“Look. You’re in a different league. I know that. You have this great personality. You’ve got this great style. You run your own business… You’re always going to find someone. You have to be stupid to think that you wouldn’t.” — Jennifer Jason Leigh as Hedra Carlson in Single White Female (1992)
Incompetent stalkers lack appropriate social skills and knowledge of courtship rituals. These stalkers do not believe that their feelings will be reciprocated, but they do feel they are entitled to a relationship. They attempt to establish a friendship, and their advances are usually crude and insensitive. They are oblivious to their victim’s disinterest or distress. Incompetent stalkers have often stalked other victims before.
Single White Female is a 1992 American psychological erotic thriller film based on John Lutz’s 1990 novel SWF Seeks Same. Bridget Fonda plays Allie Jones, a young woman who seeks a new roommate. She finds the plain and awkward Hedra (“Hedy”), played by Jennifer Jason Leigh. Both Allie and her boyfriend, Sam (Steven Weber), become the objects of Hedy’s dangerous obsession. Hedy begins impersonating Allie and even seduces Sam. Obviously, this doesn’t end very well, especially for poor little Buddy, the puppy that Hedy buys for Allie…
Group #4: The Resentful Stalker
“You’re going to be just fine. I will take good care of you. I’m your number one fan.” — Kathy Bates as Annie Wilkes in Misery (1990)
Lastly, we have the Resentful Stalker. Their behaviors are meant to distress and frighten their victims. In Meloy and Boyd’s study, half acted on grievances against specific people, while the others were generally disgruntled and chose targets at random. In addition to the Rejected Stalker group, these stalkers were most likely to threaten their victims.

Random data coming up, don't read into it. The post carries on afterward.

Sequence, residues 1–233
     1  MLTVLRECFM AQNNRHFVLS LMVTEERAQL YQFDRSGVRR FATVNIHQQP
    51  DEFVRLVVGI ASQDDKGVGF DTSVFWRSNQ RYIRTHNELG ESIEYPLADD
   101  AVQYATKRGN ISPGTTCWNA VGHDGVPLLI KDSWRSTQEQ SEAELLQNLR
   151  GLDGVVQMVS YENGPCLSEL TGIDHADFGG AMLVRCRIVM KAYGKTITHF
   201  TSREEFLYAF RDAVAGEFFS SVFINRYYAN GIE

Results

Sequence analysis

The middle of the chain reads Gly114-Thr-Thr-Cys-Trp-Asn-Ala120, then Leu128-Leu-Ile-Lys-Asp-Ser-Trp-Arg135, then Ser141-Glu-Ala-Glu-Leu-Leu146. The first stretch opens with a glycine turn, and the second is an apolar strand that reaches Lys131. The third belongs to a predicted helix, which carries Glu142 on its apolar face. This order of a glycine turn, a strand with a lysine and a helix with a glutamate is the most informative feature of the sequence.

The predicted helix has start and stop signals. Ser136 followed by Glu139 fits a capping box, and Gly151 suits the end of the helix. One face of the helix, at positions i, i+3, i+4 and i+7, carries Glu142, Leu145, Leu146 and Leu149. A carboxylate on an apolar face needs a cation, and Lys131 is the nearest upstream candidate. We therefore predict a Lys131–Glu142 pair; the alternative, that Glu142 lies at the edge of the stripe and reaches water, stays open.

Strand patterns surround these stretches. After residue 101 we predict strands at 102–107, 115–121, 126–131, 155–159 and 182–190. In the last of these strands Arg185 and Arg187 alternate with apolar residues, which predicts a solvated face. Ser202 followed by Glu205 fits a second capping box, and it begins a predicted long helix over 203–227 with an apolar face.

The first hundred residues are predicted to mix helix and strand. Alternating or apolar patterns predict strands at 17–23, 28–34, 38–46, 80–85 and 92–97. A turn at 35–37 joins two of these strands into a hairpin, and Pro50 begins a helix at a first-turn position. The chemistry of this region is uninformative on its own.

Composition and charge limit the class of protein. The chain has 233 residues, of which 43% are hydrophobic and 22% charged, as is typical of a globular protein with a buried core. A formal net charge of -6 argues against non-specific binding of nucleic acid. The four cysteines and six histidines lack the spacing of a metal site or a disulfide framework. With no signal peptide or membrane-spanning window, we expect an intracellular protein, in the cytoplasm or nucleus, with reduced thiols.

The perfect example of a Resentful Stalker is Annie Wilkes (Kathy Bates) in Stephen King’s Misery. Annie is an obsessed fan of best-selling romance novelist Paul Sheldon (James Caan). She “rescues” Paul after a near-fatal car accident and begins nursing him back to health — until she realizes he’s about to kill off her favorite fictional character, Misery Chastain. A sledgehammer, a typewriter, and a gun all play pivotal roles in this unforgettable tale of obsession.
They say, “Hell hath no fury like a woman scorned.” It’s time we take this to heart. Female stalkers are a force to be reckoned within the horror genre. Gentlemen, if a woman asks you to “play ‘Misty’ for me…” well, umm, you’d better, if you know what’s good for you!
About the Author
JC Bratton is a young adult horror/thriller short story writer. In 2020 she released three short stories and one collection (Things That Go Bump in the Night) under her publishing company, Blue Milk Publishing. Her current short story, “Dollhouse,” peaked at #1 on Amazon’s 45-minute Teen & Young Adult Short Reads. JC’s stories pay homage to the Point Horror novels she would read as a kid, such as Slumber Party by Christopher Pike and Twisted by RL Stine. Some of her biggest influences are Alfred Hitchcock, Lois Duncan, Stephen King, and Richard Matheson. JC lives in the heart of Silicon Valley: San Jose, California.